The upper endoscopy procedure takes only about 15-30 minutes. The colonoscopy procedure takes about 30-45 minutes on average.Because time before your endoscopy and a period of recovery, you and your escort should expect to spend 90-120 minutes at our facility.
1. Timing- We like to bring the patient’s driver/family member back as soon as the procedure is done so that this person can be present to hear what the doctor did during the procedure. This is very important as the patient is usually still under the influence of medication and will not remember this important conversation. The length of procedures can be unpredictable at times and we may be done sooner than we thought, if the driver is not here then the information on what happened will not be heard by someone else that is coherent.
2.Safety - If something happens we would want someone here to discuss what is going on with the patient.
3.Comfort - We like our patients to go home after their procedure to the comfort of their own homes. That way they can pass any extra air without feeling embarassed and can sleep for a few hours until the medication completely wears off. If we are finished before the driver arrives then due to space the patient may have to wait in the waiting room which is not the most comfortable place to be after a procedure.
The American Heart Association has developed guidelines for identifying need for antibiotics before endoscopic procedures. These may differ from your dentists requirement for antibiotics before dental work. Discuss your need for pre-procedure antibiotics with your doctor if you have any concerns. They are administered primarily for patients who have artificial heart valves.
You will NOT be given a general anesthetic as when a patient has major surgery. You will be given medication through an IV site that will cause relaxation. Many patients have no memory of their procedure when completed due to the medications’ effects.
Medicines are given in the vein through an IV port placed in your hand or arm. Medication dosage and type may vary depending on your individual needs. Generally, a narcotic medication such as Demerol or Fentanyl is used in addition to a drug called Versed, which has effects similar to Valium. For an upper endoscopy, a spray may be used to numb your throat and to help prevent gagging. It contains a medicine very similar to that used by your dentist for dental work.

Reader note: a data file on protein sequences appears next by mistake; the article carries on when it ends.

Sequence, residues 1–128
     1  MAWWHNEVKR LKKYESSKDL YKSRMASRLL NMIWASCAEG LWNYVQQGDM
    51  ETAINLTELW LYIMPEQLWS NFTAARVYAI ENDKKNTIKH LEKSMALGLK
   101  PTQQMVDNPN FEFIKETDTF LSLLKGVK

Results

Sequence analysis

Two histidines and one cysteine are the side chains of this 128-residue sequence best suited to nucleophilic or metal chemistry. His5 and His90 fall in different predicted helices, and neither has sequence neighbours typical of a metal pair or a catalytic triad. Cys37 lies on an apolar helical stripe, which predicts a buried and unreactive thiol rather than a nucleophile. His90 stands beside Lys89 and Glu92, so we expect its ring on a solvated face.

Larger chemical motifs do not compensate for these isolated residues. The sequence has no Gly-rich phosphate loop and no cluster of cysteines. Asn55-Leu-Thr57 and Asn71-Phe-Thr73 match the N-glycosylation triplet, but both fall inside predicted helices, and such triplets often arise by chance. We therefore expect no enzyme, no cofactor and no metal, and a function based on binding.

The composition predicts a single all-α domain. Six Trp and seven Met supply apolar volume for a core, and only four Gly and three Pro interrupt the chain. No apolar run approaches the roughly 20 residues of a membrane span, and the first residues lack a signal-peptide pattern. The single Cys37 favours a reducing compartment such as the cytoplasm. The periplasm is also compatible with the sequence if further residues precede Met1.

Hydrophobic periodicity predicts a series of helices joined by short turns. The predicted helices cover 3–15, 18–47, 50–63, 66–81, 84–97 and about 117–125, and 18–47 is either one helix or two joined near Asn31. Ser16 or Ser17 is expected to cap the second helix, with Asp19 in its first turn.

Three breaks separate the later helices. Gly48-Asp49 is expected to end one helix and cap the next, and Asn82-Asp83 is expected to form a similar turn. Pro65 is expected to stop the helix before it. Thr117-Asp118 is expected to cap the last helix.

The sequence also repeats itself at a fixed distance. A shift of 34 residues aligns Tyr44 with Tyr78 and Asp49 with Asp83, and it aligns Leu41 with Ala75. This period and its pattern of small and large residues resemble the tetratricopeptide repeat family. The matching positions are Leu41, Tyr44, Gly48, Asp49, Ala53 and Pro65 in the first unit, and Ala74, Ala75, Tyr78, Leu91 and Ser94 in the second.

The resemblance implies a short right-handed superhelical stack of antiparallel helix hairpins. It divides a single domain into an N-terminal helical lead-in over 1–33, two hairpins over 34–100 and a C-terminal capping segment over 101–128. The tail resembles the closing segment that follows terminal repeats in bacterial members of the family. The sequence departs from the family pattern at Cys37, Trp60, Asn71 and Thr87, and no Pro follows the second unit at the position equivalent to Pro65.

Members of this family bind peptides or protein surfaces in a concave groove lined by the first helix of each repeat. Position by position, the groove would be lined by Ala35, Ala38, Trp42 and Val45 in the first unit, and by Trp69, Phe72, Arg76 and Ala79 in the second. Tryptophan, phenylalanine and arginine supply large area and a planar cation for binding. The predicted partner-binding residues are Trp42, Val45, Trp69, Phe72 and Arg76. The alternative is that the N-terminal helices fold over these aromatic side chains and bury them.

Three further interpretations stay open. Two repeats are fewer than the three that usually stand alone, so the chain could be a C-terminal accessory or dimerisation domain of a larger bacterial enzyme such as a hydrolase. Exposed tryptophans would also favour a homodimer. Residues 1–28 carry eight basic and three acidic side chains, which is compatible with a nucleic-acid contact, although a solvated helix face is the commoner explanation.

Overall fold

Upper endoscopy is generally painless except for a feeling of mild transient fullness as the scope is passed through the mouth and throat. The majority of colonoscopy patients note no discomfort during the procedure. A few patients will remember some mild cramping and discomfort during the procedure. A small number of patients will experience significant discomfort during the exam. There is usually no pain after the procedure other than mild bloating in the first hour as gas passes out of the colon.
The medicines you are given have much the same effect on the brain function as alcohol. In addition, the effects of the medicine stay in the body for several hours and will affect judgment and reaction time long after the patient feels the medicine is gone. You may take a medical taxi home provided you have an escort to assure that you arrive safely at your destination.
In general, all the effects of your sedation will be gone by the morning after your procedure. You will have no restrictions at that time.
Seeds may remain in the bowel following the preparation for colonoscopy. During the procedure they may be suctioned into the endoscope and damage the instrument. Avoiding seeds for a week before the procedure will help prevent this problem.
Your doctor will talk to you after your procedure. He/she will tell you at that time what was seen. If biopsies are taken, or polyps removed, you will know the results in 2-3 weeks. You will be contacted by phone or letter about your results with instructions for follow-up, if necessary. You will receive results even if the pathology is normal. If you have not heard from us within four weeks, call the office to let us know. We will give you your results at that time.